Spirtuality vs. Religion

One of the questions on OK Cupid that I encountered recently read: “Are spirituality and religion the same thing?” It is kind of funny that a dating app question really got me thinking about not so much how I would answer this question (no), but how I would explain my answer. While I don’t consider religion and spirituality the same thing, I never was able to quite articulate what the difference was, so I would continually skip answering that question.  Fast forward a few weeks to me enjoying a quite weekend curled up on the couch with my coffee and a book. I was reading The Wisdom of Sundays: Life-Changing Insights from Super Soul Conversations by Oprah Winfrey and came across the answer that had eluded me. Thank you Elizabeth Lesser for finding the words so I didn’t have to…

“Spirituality is this kind of fearless seeking nature. Like, it’s the part of us that says, Whoa. What made a tree? Who am I? What did I come from ? What made something out of nothing? Where do I go when I die? How do I live?  How am I supposed to life? That’s spirituality. The seeking of truth. And it takes fearlessness to seek after truth. Religions are our attempt to answer the questions. And some of those answers are great and beautiful. And some of them are just dogma and rules that get us into trouble. ‘My rules are better than your rules.’ And then we fight about them. So spirituality is the questioning, and religions are our attempts at answers.”

I have had several uncomfortable discussions with people lately over religion, and what I choose to believe, and what influences those choices have on my young daughter. While I went to a Catholic grade school and a Jesuit college, got married in a church, and had my daughter baptized I no longer follow any type of organized religion, BUT I do consider myself spiritual, and open to the mysticism and teachings of many religions simultaneously. I feel lucky to have found a spiritualist church that I now attend which gives me back the sense of community I had been missing, but without all the prescriptions and sanctions.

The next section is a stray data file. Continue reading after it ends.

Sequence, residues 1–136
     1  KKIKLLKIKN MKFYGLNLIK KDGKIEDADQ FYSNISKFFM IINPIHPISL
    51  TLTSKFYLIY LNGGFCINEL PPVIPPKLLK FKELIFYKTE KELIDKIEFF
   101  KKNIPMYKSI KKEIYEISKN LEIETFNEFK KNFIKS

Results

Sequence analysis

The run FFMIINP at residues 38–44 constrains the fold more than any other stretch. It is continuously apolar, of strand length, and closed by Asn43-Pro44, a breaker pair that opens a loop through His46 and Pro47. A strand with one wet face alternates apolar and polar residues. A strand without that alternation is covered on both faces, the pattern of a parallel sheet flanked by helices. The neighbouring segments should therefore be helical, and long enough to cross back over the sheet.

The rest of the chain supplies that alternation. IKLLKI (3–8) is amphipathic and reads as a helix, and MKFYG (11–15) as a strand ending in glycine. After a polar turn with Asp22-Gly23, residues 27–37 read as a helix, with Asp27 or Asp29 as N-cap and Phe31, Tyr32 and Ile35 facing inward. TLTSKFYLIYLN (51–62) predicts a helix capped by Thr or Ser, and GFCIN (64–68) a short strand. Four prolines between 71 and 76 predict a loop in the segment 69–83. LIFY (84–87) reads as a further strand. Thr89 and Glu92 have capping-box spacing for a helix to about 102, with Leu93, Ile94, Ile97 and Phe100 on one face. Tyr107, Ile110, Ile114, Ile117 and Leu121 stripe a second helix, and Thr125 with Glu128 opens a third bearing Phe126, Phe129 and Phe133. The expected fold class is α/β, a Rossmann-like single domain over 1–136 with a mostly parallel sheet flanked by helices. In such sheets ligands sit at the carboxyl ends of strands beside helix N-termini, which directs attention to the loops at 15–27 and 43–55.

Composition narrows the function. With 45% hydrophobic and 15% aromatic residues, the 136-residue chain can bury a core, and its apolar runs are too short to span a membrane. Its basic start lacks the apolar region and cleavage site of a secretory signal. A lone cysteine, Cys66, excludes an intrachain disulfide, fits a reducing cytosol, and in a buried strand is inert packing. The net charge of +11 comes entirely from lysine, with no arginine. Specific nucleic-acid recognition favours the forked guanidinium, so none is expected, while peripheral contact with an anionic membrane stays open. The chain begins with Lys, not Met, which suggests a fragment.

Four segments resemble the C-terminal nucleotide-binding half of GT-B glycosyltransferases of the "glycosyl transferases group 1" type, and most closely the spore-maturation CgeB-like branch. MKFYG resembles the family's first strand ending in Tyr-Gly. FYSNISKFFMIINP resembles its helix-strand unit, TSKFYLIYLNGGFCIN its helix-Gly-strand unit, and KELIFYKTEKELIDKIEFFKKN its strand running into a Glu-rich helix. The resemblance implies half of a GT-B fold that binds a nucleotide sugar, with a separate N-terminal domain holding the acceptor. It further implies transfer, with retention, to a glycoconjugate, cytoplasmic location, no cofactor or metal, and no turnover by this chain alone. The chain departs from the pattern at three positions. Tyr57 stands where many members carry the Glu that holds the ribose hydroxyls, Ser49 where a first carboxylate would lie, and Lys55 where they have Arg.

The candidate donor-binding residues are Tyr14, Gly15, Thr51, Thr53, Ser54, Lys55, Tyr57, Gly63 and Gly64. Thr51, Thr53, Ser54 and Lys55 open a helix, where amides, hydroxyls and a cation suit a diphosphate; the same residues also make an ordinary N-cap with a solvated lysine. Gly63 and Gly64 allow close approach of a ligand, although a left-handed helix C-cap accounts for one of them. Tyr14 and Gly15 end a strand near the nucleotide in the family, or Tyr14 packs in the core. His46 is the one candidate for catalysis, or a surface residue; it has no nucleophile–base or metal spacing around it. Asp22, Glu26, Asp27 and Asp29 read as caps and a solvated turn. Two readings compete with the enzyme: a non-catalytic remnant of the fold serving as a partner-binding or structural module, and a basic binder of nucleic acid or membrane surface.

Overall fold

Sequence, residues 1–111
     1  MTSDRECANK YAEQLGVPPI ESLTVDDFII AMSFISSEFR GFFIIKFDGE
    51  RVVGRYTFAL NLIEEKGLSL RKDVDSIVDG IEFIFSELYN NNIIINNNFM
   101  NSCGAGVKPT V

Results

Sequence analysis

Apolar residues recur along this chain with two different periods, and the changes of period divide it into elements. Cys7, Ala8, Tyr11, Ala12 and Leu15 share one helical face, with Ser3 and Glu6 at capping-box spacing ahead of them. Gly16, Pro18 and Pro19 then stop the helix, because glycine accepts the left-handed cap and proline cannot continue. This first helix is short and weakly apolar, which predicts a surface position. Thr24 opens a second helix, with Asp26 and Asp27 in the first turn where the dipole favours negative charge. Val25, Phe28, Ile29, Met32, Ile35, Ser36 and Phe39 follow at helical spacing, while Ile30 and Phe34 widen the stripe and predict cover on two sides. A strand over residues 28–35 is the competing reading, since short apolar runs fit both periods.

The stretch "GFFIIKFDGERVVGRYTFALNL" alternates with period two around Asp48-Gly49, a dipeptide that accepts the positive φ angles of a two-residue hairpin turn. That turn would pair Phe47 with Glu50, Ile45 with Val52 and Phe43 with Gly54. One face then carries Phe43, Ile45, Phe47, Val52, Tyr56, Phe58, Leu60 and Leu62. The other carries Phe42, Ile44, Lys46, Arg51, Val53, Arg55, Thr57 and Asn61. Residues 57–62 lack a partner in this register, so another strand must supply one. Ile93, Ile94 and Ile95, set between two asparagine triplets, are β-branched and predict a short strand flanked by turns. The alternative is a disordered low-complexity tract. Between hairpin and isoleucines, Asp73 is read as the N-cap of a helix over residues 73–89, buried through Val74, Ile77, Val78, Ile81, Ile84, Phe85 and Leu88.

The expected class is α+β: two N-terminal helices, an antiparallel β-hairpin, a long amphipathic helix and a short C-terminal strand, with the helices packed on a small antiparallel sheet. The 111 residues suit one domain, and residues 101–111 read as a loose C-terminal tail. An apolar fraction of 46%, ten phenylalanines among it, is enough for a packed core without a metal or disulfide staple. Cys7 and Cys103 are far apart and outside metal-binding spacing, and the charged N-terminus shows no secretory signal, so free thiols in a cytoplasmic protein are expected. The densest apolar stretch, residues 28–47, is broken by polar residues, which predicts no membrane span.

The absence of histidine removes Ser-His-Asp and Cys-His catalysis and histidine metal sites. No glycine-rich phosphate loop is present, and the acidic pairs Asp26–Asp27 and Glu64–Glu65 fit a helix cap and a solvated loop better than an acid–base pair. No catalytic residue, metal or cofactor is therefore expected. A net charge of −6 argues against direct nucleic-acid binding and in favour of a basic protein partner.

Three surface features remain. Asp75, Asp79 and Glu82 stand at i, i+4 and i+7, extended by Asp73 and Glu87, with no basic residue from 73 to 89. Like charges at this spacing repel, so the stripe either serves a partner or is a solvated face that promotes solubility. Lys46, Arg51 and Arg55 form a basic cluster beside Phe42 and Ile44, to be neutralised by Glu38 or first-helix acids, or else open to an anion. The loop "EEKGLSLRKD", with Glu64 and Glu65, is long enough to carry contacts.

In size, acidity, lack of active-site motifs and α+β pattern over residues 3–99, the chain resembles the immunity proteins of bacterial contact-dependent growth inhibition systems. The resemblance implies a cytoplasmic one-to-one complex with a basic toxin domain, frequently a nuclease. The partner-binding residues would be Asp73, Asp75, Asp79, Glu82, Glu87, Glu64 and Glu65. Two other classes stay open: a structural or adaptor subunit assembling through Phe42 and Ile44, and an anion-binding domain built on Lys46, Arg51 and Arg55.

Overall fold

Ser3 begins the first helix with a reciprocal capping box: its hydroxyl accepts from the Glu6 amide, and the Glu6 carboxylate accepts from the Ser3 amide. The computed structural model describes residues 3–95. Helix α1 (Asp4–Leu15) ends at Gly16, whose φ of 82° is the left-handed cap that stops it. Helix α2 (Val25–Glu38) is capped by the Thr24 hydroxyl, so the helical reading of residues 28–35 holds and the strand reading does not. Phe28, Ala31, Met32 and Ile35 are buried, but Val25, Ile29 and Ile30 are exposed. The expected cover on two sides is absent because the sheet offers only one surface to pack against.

Religious rituals and traditions can be beautiful moving experiences; there is something visceral about being in a darkened room, light filtering through stained glass windows, candles lit with purest prayer, the smell of burned away incense, and voices joined together in hymns of praise. I even can appreciate some of the pageantry – the pomp and circumstance, but when religion closes you off to other people and experiences, to other ways of being and moving in the world that are equally well-intentioned (not only did I just make that word up, but it is totally relative), then religion becomes a turn-off for me. Sarah Ban Breathnach explains it like this: “Religion says, ‘there ‘s only one way to heaven.’ Spirituality says, ‘Choose the one that brings you joy.” So many things that give me joy also make me feel closer to “God” – practicing yoga, watching waves crash endlessly on a shore, witnessing my daughter try something new, laughing over a shared joke, enjoying a perfectly prepared meal. Those are all “prayers” to me. All reminders of how interdependent we are. How vast the universe it. That miracles exist in those moments.

So as many of us gear up to spend time with friends and family over the holiday season, with its hyper-focus on religion, I thought it would be helpful to share Lesser’s words because they help me see us all as confused students fumbling to find the ‘correct’ answer. Viewed this way, I can find compassion where there used to be frustration, a shared sense of purpose as opposed to ideologies which divide us, and a reminder that sometimes the epiphanies happen in the search, whether or not we ever reach consensus on the conclusion.

via Elephant Journal 

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